overall i'm pretty impressed and happy with it. though i really would like to get a uv filter... hate all that glass unprotected.

came home, dumped from camera into 3.4 pc - which will have to do for the moment, but i can see the dual2core looming as a necessity if i want more than cut to cut.

dump all went smoothly in vegas 7.

what do i render timeline out as to get an mt2 file for storage?

i haven't done a print to tape, (waiting for delivery of a sony15), but am wondering would that render straight from timeline like dv?

don't know what's best to 'store' program on dvd for pc access? wmv?

did a camera to dv of same hdv footage, looks bloody spectacular....

and going to do the same from timeline and see how much diff there is. am also going to try shooting some straight 16:9 and see if that looks as goo..

have 2 l-ion 'replacement' (read cheap) batteries that worked very well in the 170, but not in the v1.

happy to answer any questions to those still debating. i might add, i'm not really interested in hd per se, but was told i'd have to shoot 16:9 for national broadcaster....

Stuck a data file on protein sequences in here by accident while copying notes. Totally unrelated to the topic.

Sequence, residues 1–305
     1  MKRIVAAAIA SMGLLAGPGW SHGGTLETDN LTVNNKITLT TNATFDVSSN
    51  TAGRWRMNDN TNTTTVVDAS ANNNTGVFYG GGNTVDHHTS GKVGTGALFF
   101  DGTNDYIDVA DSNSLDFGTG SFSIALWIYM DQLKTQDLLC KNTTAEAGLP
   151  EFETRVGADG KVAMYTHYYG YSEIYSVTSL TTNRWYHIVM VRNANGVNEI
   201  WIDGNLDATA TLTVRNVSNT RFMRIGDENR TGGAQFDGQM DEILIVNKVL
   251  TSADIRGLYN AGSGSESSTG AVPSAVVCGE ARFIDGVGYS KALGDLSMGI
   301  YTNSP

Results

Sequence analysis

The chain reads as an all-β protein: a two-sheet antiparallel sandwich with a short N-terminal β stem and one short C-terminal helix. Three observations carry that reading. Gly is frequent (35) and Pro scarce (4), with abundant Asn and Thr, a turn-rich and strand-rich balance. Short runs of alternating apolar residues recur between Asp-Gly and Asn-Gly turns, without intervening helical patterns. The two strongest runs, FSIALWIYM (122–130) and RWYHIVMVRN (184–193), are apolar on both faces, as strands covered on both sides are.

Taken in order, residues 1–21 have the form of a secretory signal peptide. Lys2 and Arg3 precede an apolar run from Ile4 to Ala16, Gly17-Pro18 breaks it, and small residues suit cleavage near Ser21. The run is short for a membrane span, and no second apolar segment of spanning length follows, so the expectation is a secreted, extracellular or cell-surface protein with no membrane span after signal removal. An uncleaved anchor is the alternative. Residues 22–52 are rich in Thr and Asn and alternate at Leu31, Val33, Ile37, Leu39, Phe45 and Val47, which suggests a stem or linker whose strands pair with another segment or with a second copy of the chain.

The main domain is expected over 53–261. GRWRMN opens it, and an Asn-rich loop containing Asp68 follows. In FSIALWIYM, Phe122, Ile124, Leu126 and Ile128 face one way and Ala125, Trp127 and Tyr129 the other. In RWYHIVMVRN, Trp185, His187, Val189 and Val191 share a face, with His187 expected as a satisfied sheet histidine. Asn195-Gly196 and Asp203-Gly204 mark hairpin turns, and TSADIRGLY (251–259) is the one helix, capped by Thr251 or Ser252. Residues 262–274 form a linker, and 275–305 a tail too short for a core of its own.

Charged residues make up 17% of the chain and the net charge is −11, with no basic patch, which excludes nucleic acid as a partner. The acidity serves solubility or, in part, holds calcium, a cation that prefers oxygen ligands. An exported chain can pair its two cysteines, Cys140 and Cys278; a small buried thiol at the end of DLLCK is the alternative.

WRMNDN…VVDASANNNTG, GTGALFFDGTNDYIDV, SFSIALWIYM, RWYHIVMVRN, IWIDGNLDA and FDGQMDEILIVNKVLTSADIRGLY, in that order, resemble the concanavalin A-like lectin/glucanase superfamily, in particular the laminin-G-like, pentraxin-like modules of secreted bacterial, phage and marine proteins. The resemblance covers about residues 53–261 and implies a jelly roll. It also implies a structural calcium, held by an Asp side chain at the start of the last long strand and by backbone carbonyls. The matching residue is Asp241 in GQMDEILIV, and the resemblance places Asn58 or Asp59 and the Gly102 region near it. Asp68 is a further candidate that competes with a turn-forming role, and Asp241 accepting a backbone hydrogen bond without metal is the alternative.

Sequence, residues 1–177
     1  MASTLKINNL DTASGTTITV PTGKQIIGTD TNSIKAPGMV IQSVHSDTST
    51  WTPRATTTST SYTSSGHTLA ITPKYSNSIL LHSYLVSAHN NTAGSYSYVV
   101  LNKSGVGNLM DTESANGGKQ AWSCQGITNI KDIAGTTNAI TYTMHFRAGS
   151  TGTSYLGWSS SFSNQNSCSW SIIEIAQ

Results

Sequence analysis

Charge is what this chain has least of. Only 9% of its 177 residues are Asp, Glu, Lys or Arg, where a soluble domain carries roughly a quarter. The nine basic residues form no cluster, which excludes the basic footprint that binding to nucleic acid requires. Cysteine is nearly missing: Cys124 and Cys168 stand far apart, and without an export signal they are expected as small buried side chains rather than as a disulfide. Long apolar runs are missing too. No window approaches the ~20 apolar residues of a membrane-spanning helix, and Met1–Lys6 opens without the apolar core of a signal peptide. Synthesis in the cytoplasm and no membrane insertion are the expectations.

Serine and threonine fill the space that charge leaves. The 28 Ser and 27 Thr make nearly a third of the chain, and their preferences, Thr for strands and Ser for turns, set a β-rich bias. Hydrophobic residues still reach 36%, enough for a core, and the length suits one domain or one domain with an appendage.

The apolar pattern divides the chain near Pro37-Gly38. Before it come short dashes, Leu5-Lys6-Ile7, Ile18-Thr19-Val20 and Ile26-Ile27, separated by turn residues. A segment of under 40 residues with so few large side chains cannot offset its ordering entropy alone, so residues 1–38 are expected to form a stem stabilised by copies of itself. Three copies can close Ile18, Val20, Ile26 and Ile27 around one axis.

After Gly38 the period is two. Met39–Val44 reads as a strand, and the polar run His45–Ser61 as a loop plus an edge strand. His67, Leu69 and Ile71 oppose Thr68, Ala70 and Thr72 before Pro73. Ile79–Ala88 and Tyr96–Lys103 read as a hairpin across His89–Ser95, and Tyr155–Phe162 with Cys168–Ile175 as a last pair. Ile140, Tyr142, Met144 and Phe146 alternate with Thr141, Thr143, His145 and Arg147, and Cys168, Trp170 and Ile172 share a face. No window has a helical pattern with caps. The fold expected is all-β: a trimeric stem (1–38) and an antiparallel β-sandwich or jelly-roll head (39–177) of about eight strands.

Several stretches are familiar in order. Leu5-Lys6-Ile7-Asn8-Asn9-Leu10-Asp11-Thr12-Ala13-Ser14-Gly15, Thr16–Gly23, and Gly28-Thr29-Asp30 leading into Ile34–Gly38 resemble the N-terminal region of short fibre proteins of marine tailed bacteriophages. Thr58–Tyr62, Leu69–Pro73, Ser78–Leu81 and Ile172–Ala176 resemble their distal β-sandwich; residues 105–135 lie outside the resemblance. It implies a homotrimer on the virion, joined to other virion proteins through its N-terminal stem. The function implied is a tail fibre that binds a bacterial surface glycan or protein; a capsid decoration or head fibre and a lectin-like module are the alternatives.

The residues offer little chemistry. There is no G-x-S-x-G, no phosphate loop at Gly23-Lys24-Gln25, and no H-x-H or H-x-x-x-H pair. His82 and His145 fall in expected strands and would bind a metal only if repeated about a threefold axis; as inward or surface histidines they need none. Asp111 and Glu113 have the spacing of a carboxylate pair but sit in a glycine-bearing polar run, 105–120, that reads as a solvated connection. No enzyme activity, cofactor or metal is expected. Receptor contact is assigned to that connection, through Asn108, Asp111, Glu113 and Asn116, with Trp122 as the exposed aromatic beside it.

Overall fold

leslie
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Old May 7th, 2007, 03:21 PM   #2
 
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you'll receive more responses to your questions if you ask them as questions vs posing them in the midst of a production report with the camera. ;-)

As far as storage format on DVD? I'd archive the m2t's, or use MPEG2 for distribution.
Print to tape is slower, because the file has to render to MPEG regardless of what you have done to the file. Vegas, like most apps, recompresses when using the MPEG format.